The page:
The thing to understand is that you are not holier than your addicted friend or family member.  We are all equally worthy.  Don’t even think it.  An addict will be sensitive to the actions and feelings being projected from someone who knows their struggle.  Even if you don’t say it, they will feel it from you.  And what a way to kick a person while they are down.  Reality check yourself if you feel this way.  You are not free from mistakes.

4.  Do not guilt your loved one.

Don’t use the guilt ploy.  There are tons of ways people attempt to use this method of manipulation.  “If you really loved me…” or “Don’t you love our children?”  Addiction and substance abuse are compulsively driven and not a matter of willpower.  Of course he or she loves you and the kids!  So don’t make them feel selfish for something largely out of their control.  We don’t guilt people with medical conditions and claim they don’t love us, so we definitely shouldn’t do it here either.

5.  Do not make threats.

You should not be making threats.  Of course you have conditions set in place about what you will or will not put up with, and you do not have to suffer through decades of mistreatment, theft, or whatever else may be happening.  But if you make a threat, you’d best be absolutely resolute about carrying it out, or you’re only telling the addicted person that there is wiggle room and they will be forgiven over and over.  If you draw a line in the sand, mean it.  Plus threats just aren’t cool unless they are said in a cool and calm manner as a way of relaying intention.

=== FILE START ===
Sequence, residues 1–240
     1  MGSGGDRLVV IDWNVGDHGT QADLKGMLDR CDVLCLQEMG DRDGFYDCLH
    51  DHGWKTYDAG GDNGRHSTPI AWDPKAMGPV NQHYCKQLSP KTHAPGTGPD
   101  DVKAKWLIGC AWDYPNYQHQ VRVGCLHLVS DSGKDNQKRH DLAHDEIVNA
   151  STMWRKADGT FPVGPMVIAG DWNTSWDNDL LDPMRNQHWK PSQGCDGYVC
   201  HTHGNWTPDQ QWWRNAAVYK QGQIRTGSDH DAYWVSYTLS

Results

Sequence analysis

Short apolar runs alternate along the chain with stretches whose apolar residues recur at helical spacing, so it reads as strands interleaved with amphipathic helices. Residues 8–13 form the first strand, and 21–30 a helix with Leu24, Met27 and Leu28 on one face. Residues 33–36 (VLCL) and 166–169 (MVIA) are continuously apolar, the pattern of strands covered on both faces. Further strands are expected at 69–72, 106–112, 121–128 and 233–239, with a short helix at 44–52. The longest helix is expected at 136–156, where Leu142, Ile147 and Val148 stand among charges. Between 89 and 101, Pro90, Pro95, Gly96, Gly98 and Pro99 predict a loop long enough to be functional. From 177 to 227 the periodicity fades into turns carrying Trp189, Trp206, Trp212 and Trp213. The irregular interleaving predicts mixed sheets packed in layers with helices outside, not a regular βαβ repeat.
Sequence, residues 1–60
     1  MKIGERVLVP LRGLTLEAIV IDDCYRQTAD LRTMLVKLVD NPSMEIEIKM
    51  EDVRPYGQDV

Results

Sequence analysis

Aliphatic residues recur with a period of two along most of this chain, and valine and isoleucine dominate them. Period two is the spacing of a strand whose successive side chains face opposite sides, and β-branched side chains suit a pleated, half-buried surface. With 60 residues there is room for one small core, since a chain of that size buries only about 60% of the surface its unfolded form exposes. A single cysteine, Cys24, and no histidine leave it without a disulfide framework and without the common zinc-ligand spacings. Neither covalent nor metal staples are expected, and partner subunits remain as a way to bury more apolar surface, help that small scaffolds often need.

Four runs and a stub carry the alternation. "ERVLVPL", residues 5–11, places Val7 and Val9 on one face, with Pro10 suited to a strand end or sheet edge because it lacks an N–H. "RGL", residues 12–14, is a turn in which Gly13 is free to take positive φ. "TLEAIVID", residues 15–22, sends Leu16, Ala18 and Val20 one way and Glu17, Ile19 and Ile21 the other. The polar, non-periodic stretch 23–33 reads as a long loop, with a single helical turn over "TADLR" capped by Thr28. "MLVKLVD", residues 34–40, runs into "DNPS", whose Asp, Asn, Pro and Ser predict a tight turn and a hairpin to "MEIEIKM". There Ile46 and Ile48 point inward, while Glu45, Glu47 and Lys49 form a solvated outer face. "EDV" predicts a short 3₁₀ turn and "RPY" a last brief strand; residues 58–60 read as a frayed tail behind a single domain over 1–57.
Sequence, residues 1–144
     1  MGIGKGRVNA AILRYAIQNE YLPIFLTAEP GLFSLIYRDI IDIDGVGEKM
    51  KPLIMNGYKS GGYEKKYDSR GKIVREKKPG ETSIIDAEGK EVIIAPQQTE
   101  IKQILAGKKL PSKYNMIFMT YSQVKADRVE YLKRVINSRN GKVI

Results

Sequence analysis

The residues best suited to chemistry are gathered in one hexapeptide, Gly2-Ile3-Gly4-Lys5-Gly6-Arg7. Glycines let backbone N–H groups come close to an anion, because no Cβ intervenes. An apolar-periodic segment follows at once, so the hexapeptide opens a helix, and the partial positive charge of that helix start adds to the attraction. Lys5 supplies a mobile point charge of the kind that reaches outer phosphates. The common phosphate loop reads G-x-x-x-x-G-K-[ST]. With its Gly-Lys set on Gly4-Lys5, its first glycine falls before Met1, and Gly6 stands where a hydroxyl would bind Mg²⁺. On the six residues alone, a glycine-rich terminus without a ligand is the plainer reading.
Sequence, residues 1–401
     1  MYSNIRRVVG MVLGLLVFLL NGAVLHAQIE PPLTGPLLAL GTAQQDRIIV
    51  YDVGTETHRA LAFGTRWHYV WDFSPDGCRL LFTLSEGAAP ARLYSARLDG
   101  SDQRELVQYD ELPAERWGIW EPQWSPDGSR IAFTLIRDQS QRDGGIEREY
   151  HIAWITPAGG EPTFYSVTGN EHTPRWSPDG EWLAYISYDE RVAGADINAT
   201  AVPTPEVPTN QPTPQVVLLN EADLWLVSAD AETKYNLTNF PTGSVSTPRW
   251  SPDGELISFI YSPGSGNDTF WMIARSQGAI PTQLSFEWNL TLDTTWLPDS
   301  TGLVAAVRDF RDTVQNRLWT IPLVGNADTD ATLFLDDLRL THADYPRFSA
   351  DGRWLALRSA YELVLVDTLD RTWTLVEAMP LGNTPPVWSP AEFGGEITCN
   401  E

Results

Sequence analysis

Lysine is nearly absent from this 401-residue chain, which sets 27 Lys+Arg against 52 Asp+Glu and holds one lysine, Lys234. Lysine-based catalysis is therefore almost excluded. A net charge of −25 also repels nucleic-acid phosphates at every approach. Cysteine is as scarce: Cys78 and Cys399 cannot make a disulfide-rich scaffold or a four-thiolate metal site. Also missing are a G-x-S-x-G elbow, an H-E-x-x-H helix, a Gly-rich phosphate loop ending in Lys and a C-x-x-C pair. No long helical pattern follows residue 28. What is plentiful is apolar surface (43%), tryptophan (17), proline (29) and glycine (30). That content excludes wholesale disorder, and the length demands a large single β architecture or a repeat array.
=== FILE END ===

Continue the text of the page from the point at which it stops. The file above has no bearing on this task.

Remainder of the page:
6.  Do not “keep the secret.”

Many families will simply keep the secret of addiction from the outside world.  What this ultimately does is let the internal world of the family spiral into devastating directions.  In the same vein, don’t hide or destroy the person’s drugs or access to them.  It will only make the addiction that much worse and the desperate attempts to obtain them can become dangerous and costly.

7.  Do not use with the addict.